The Pokagon Band of Potawatomi Indians owns and operates the Four Winds Casino in New Buffalo, Michigan. The tribe plans to open a sister casino in South Bend, Indiana.
Courtesy Four Winds Casino - New Buffalo
The Pokagon Band of Potawatomi Indians owns and operates the Four Winds Casino in New Buffalo, Michigan. The tribe plans to open a sister casino in South Bend, Indiana.

Pokagon Tribe to Support City's Infrastructure Upgrades


The Pokagon Band of Potawatomi Indians in northern Indiana aspires to build a village and casino in South Bend. Recently the tribe agreed to pay the city $400,000 for much-needed infrastructure improvements in the area.

The tribe currently owns and operates three gaming facilities in Michingan —the Four Winds Casino Resort in New Buffalo and two additional Four Winds Casinos in Hartford and Dowagiac. The proposed village and casino in South Bend would be the tribe's first gaming venture in the State of Indiana.

The tribe's $400,000 investment would help replace and upgrade sewer and water services to the village’s 166-acre development site, reported the Associated Press.

In a second agreement — still requiring approval from the South Bend Common Council — the Pokagon Band would make annual payments of 2 percent of its gaming profits, of which half would go directly to the city’s general fund, and the remainder to the South Bend Redevelopment Commission.

No federal or state government requires the Pokagon Band to reach such agreements with the city. The Pokagon Band Tribal Council and the Pokagon Gaming Authority Board of Directors have already signed off on both agreements.

Payments to the city would be dependent on the number of casino games — between 850 and 1,699, the city will get at least $ 1million; if more than 1,700 games, the city will receive at least $2 million, the AP reported.

“These are historic agreements for the City of South Bend with the region’s original inhabitants that will infuse millions of dollars into the economy and create hundreds of new jobs,” South Bend Mayor Pete Buttigieg said. “It is extraordinary to reach an agreement that will not only support the economy, but also provide much needed funding for community projects, local organizations and our schools.”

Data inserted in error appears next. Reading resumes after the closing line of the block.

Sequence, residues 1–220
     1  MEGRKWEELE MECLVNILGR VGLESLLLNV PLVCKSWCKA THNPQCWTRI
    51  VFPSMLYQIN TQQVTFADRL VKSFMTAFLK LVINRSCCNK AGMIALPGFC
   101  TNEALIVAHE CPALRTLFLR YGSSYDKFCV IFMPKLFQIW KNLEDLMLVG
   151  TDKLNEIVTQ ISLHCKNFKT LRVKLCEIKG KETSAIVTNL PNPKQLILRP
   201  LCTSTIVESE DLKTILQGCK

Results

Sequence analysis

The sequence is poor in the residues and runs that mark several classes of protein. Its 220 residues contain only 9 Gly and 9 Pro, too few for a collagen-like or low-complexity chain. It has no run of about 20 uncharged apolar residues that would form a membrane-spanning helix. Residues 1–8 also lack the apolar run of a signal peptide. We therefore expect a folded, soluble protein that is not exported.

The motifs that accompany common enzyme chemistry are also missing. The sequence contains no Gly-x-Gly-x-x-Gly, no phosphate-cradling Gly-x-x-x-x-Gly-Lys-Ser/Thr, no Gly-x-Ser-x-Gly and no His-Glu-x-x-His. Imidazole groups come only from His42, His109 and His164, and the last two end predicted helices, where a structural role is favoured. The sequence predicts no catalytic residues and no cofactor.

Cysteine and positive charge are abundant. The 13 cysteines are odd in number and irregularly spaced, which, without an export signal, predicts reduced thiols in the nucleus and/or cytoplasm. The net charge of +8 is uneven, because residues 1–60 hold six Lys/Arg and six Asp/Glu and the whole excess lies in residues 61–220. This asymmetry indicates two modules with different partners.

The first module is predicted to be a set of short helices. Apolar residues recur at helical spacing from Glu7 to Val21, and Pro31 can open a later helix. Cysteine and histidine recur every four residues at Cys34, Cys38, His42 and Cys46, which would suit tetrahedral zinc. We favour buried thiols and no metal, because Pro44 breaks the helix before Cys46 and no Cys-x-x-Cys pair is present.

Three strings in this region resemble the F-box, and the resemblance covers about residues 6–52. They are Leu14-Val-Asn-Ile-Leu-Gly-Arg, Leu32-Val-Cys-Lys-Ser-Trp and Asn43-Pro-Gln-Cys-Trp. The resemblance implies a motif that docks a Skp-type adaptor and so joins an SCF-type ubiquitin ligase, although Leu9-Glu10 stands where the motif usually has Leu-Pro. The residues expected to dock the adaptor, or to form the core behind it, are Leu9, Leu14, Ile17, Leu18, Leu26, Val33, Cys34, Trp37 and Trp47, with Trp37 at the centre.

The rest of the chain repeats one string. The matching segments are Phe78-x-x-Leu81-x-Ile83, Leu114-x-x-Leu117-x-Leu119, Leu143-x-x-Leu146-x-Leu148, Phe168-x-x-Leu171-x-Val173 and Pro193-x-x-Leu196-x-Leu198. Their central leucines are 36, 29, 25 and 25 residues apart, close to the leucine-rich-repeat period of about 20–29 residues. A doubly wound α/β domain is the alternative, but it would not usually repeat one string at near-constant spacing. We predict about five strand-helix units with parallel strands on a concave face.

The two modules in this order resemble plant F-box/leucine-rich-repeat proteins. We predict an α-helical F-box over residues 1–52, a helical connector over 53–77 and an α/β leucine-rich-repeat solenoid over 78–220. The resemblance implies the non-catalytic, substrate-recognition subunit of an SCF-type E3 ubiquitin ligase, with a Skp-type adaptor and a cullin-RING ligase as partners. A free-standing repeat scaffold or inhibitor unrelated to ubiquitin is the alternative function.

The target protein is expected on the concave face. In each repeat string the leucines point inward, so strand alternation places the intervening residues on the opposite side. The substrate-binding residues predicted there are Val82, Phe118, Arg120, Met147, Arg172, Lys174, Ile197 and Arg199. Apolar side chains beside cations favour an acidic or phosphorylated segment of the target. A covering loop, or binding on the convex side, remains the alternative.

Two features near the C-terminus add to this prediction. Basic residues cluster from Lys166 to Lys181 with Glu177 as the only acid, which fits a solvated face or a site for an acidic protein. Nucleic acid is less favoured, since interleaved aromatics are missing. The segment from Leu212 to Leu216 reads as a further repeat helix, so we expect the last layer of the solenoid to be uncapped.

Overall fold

John Warren, chairman of the Pokagon Band of the Potawatomi Indians, said the agreements will “serve as a bridge to greater cooperation and economic opportunity for Pokagon citizens, the city of South Bend and area residents.”

The federal Bureau of Indian Affairs is reviewing an environmental study of the tribe’s trust land application. Construction on the tribal village and Four Winds Casino cannot begin until the application is approved.

The tribe has an economic development authority, Mno Bmadsen, and a community development financial institution, Chi Ishobak. The two organizations are dedicated to improving the business and financial climate for both Band citizens and the region. Between multiple tribal government entities and its gaming enterprises in Michigan, the Pokagon Band has put more than 2,200 people to work, not including contract and temporary work like construction projects that have hired nearly 1850 tradespersons and 450 apprentices to work since 2010. Thanks to cooperative agreements between the Band and various local governments, the Band has paid nearly $71 million to the Michigan Economic Development Corporation and more than $24 million to local governments in the New Buffalo area since 2007. The Pokagon Fund, a private foundation established by one cooperative agreement, has enhanced the lives of the residents in the New Buffalo area and near Pokagon Band communities in South Bend, Dowagiac, and Hartford by awarding $12.8 million to local governments and nonprofits since 2007.

You need to be logged in in order to post comments
Please use the log in option at the bottom of this page